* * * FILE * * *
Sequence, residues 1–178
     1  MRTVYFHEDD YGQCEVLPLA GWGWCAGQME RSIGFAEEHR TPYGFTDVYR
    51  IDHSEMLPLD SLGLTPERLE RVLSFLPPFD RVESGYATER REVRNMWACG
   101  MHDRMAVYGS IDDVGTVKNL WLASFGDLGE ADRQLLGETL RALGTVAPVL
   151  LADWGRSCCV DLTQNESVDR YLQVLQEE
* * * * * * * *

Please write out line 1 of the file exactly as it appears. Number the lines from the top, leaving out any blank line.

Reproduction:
Sequence, residues 1–178